Under a new agreement between the Justice Department's Antitrust Division and the Federal Trade Commission, DoJ will review all entertainment and media mergers, Assistant Attorney General Charles James and FTC Chairman Timothy Muris agreed last week.
In the past, the two agencies fought over which would review what, causing extensive delays in the process. In fact, deciding who would review the AOL Time Warner merger was so contentious that the FTC had to agree not to claim any new expertise as a result of completing that review, Muris said.
DoJ and FTC closed the deal even though Senate Commerce Committee Chairman Fritz Hollings (D-S.C.) hasn't signed off on it. James and Muris delayed the agreement in January after Hollings complained of not being consulted.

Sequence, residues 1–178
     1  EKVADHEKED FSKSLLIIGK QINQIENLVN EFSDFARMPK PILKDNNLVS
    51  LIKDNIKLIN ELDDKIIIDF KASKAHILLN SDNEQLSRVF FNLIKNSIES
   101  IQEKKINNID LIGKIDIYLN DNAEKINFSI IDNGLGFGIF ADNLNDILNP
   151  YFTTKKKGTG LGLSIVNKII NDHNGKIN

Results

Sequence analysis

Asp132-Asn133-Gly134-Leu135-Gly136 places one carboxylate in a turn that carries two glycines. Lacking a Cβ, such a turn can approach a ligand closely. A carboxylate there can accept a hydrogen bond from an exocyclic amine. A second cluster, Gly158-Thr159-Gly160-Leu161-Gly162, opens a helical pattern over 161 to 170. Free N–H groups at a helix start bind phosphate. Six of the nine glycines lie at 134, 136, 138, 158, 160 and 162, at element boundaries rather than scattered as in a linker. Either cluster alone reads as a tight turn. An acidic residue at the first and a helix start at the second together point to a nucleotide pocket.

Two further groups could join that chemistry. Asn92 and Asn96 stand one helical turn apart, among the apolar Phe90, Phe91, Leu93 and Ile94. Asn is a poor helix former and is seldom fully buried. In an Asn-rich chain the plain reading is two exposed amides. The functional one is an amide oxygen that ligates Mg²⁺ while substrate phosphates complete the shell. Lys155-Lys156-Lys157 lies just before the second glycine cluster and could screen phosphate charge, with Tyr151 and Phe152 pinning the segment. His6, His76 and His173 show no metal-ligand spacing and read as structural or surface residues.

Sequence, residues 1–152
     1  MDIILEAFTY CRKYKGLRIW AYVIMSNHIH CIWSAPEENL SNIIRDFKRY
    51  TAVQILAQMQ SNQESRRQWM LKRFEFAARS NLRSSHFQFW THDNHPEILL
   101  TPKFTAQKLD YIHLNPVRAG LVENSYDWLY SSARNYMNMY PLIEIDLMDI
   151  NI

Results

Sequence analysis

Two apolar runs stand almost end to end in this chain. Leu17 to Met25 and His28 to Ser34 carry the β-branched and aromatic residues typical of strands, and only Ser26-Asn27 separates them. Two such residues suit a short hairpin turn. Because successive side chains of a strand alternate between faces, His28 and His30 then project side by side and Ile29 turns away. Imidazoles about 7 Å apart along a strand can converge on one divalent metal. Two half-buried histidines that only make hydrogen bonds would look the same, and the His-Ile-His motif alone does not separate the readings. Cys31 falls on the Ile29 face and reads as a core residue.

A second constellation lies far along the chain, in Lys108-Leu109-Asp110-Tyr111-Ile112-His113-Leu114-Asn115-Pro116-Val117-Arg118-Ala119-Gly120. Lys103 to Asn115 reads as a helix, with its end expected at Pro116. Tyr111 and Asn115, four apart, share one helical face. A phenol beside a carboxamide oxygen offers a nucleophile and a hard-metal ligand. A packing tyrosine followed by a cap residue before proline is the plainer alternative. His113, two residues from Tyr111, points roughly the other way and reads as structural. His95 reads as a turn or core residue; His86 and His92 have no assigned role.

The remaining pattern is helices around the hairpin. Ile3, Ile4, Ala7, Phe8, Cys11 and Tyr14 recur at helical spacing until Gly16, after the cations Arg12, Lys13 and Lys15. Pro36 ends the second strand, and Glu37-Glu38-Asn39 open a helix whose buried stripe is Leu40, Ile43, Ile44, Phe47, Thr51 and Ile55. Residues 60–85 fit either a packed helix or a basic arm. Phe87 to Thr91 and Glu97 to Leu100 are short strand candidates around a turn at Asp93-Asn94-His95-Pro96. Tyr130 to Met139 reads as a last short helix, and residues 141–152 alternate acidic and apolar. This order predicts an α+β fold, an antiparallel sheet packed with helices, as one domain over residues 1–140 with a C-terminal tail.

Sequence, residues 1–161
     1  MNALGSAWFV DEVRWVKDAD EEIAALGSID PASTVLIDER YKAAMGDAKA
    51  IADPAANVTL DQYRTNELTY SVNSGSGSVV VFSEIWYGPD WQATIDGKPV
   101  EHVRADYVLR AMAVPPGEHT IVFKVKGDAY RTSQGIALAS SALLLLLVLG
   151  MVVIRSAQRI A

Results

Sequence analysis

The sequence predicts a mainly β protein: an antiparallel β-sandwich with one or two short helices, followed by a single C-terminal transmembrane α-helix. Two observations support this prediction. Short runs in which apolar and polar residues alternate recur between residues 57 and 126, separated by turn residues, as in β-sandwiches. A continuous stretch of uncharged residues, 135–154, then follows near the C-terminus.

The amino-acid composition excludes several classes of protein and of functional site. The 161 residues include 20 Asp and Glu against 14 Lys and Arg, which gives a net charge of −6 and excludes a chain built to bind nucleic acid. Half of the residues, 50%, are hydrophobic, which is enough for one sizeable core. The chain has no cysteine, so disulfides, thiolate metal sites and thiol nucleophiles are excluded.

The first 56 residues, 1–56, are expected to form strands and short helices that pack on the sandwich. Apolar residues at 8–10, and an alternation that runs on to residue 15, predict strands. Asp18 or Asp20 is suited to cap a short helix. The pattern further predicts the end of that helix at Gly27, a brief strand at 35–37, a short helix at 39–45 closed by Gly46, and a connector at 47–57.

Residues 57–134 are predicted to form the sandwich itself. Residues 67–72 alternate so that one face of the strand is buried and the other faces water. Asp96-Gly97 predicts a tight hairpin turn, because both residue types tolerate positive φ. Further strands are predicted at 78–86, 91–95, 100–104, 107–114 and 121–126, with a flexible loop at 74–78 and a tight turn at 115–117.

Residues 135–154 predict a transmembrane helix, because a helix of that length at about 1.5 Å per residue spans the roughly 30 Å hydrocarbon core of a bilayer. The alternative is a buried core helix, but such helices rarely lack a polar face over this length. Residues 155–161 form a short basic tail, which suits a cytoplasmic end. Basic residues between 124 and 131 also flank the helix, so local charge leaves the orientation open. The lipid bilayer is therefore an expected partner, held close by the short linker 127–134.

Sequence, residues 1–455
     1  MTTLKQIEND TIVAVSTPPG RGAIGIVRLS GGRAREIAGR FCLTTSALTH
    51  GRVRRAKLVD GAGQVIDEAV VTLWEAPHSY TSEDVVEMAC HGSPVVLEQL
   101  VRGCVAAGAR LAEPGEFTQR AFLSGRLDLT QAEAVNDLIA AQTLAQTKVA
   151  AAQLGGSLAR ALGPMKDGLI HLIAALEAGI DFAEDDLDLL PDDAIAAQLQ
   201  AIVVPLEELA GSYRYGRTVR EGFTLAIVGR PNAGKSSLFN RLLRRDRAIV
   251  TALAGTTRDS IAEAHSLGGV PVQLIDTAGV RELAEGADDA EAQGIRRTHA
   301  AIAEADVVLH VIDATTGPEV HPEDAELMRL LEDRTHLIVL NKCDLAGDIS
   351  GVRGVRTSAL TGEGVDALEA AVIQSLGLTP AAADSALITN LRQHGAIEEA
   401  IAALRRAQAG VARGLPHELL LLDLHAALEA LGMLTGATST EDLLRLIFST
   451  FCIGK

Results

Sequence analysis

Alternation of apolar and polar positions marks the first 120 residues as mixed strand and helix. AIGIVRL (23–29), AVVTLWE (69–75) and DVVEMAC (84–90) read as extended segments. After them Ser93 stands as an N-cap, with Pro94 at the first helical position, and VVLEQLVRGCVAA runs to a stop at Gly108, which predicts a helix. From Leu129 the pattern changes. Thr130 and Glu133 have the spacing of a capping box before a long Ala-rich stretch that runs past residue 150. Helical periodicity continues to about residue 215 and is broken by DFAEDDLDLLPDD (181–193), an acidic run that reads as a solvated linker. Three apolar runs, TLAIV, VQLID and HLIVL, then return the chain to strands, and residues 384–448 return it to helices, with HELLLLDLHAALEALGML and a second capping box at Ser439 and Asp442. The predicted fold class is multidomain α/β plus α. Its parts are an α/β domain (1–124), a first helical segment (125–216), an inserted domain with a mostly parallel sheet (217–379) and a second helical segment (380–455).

"I believe this is in violation of appropriations law, which states that we be consulted," Hollings said last week. He chairs the Senate Appropriations Subcommittee in charge of DoJ and FTC budgets. "We were in the middle of discussions on how to proceed, and they just moved forward on their own. It's a tricky way to forgo consultation. We have our tricks, too."
DoJ and FTC have divvied up mergers since 1948, James said, and Congress has never intervened.
Consumer groups don't like the change. Jeff Chester, executive director, Center for Digital Democracy, says it'll be easier to get mergers through DoJ, which isn't headed by a politically appointed panel.
James and Muris said Hollings' was the sole Congressional complaint on the changes. Sens. Herb Kohl (D-Wis.) and Mike DeWine (R-Ohio), Senate Antitrust Subcommittee chairman and ranking member, respectively, last week sent a letter in support.